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Master Woodworker says, “I’M NOT IN THIS FOR MONEY — JUST FOR THE LOVE OF WOODWORKING.”

Published on July 30, 2014

Master Woodworker says, “I’M NOT IN THIS FOR MONEY — JUST FOR THE LOVE OF WOODWORKING.”

Retired following a successful 30-year business career, Woodmaster Drum Sander owner, Keith Neer teaches woodworking to select students and accepts just four or five furniture commissions a year.

“While at the Marc Adams School of Woodworking, I was admitted into the Michael Fortune Fellowship Program. I made this one-of-a-kind table and chairs from bent laminations of quarter-sawn cherry. Following the bending process, all surfaces were sculpted to the shape you see in the photo.”

“While at the Marc Adams School of Woodworking, I was admitted into the Michael Fortune Fellowship Program. I made this one-of-a-kind table and chairs from bent laminations of quarter-sawn cherry. Following the bending process, all surfaces were sculpted to the shape you see in the photo.”

“43 years ago, I bought an old lathe and tools at a farm sale and proceeded to make some really ugly candleholders as Christmas presents. I’ve been working in wood ever since. About 15 years ago, I began taking professional woodworking classes. Then, about nine years ago, I retired. My wife said, ‘You’ve been talking about becoming a professional woodworker all your life, why not do something about it?’ And I made the move to doing woodworking full time. Not as a business, but as something I love to do.

I built a woodworking shop in an industrial park and planned to have students and do commissioned work. And that’s what I’ve done. In the past nine years, I’ve had 60 or 70 students. Some come with a project in mind. Some come to learn a skill. Some don’t stay long; others, six or eight years. Part of my motivation to teach is I want to spread the word about woodworking. I don’t get hundreds of students but I do try to share what I’ve learned. After all, very little of what I do is my own invention.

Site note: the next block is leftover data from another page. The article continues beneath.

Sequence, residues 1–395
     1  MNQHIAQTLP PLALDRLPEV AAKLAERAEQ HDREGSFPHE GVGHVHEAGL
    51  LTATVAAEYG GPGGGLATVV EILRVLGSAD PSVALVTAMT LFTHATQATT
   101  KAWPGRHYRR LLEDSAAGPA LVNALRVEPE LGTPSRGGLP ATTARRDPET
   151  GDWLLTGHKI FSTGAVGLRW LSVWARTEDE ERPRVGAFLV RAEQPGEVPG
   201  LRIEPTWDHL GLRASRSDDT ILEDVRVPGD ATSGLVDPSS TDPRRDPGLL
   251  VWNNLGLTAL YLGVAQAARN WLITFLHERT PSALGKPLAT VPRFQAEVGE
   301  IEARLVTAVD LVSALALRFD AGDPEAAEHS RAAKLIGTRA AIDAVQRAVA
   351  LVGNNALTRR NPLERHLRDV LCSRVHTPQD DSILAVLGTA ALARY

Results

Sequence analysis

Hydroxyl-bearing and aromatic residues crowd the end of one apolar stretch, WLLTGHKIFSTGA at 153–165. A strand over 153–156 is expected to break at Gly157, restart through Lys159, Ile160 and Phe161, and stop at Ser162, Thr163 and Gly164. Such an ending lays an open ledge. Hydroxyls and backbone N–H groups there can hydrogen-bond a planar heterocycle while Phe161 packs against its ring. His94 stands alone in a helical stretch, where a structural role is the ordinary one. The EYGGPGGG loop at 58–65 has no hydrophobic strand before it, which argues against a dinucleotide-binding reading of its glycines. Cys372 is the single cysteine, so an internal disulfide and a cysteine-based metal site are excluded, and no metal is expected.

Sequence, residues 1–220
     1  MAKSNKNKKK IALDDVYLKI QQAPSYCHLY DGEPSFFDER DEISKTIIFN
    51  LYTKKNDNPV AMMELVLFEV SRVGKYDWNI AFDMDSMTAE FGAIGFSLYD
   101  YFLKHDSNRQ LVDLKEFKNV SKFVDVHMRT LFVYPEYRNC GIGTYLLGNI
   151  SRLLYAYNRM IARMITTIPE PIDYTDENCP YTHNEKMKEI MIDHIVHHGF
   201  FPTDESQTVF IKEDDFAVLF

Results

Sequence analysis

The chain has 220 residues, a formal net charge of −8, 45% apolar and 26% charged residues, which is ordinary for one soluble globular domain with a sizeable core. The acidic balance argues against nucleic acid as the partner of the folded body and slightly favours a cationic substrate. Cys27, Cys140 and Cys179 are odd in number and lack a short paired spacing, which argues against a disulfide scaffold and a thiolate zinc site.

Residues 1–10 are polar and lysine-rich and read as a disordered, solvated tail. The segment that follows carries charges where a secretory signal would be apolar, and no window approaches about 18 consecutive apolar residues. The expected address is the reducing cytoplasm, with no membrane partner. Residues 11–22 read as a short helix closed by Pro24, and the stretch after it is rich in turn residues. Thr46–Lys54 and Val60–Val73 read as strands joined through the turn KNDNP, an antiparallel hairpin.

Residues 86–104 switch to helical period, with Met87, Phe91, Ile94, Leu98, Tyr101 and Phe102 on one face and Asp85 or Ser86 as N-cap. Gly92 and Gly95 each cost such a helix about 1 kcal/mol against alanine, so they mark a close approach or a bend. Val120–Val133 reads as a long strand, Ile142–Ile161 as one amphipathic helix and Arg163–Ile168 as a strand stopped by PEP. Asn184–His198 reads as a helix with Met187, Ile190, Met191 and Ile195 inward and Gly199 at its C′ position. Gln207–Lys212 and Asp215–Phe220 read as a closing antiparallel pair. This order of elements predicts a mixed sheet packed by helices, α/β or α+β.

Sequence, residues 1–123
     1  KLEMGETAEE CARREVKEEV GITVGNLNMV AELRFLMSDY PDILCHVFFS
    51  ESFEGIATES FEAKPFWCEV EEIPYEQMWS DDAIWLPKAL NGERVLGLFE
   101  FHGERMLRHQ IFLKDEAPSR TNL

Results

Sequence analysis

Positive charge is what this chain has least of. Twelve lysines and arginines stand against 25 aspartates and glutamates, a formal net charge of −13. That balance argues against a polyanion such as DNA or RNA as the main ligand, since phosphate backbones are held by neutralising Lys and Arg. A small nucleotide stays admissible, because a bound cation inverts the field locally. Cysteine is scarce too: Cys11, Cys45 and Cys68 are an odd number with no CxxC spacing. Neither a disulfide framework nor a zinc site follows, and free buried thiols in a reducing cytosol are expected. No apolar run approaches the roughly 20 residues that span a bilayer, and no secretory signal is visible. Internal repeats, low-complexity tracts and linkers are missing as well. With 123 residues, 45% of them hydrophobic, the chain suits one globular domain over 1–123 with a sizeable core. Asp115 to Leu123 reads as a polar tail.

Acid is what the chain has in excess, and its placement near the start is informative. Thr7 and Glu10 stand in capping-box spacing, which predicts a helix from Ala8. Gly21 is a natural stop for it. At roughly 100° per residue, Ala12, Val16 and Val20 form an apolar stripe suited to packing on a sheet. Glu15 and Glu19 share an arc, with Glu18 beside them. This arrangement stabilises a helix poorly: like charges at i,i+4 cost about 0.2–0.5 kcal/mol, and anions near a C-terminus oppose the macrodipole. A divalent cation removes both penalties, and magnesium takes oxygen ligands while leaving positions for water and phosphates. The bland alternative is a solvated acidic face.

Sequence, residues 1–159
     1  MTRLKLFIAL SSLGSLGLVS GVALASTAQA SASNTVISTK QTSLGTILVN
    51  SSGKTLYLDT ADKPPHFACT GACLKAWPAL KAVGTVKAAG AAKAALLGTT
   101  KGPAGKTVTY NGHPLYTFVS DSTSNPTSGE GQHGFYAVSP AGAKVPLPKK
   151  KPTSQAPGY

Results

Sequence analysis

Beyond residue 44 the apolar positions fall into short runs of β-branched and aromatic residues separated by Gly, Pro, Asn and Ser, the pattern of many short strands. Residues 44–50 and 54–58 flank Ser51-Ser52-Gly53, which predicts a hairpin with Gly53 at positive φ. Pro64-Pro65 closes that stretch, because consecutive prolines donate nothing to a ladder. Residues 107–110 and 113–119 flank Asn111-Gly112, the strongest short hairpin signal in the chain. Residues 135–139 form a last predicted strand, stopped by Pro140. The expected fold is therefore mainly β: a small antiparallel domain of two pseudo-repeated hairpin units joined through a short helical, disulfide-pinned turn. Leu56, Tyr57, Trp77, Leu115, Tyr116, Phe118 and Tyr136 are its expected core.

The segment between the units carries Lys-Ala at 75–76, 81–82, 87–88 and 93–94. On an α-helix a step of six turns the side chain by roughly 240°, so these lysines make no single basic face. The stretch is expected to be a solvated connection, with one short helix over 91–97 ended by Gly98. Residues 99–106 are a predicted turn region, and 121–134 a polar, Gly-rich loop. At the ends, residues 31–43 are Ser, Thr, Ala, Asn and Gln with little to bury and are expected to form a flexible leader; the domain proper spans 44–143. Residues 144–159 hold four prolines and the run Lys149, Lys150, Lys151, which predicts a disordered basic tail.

Keith Neer, master craftsman and Woodmaster Drum Sander owner, teaches woodworking and produces a limited number of furniture commissions for the pure love of woodworking. He told us recently, “I’m retired. I’m not in this to make money. It’s a pleasure to do woodworking the way I want to at the end of a 30-year career.”

Keith Neer, master craftsman and Woodmaster Drum Sander owner, teaches woodworking and produces a limited number of furniture commissions for the pure love of woodworking. He told us recently, “I’m retired. I’m not in this to make money. It’s a pleasure to do woodworking the way I want to at the end of a 30-year career.” 

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Teaching takes about half my time; building commissioned work takes the other half. I make four or five major pieces of custom furniture a year, all one of a kind. I rarely make the same thing twice. It’s all by word of mouth.

Woodmaster’s precision sanding essential in Keith’s bent lamination process

I do a lot of work with bent lamination. When I make bent elements of furniture, I do it with lamination rather than steam bending. I need to be able to cut something with a bandsaw and be able to sand down to 1/32 of an inch thick without having the sander eat up the piece. There’s no way you can put a piece this thin through a planer.

Keith made this elegant cherry sideboard to match a client's existing dining set.

Keith made this elegant cherry sideboard to match a client’s existing dining set.

Here’s how I do bent lamination. Look at the curved backs of the chairs on my home page and in this blog post. The thickness of the backs, front to back, tapers from about 1-1/2” thick at the bottom to about ¾” thick at the top. Each back is made of 26 glued-up wood strips. And though the thickness of the back varies from the top to bottom, each back has the same number of layers of wood strips from top to bottom. I cut 26 very thin strips of wood, each one tapered thinner at one end than the other. Because each strip is so thin, I can bend it to a curved form and glue it.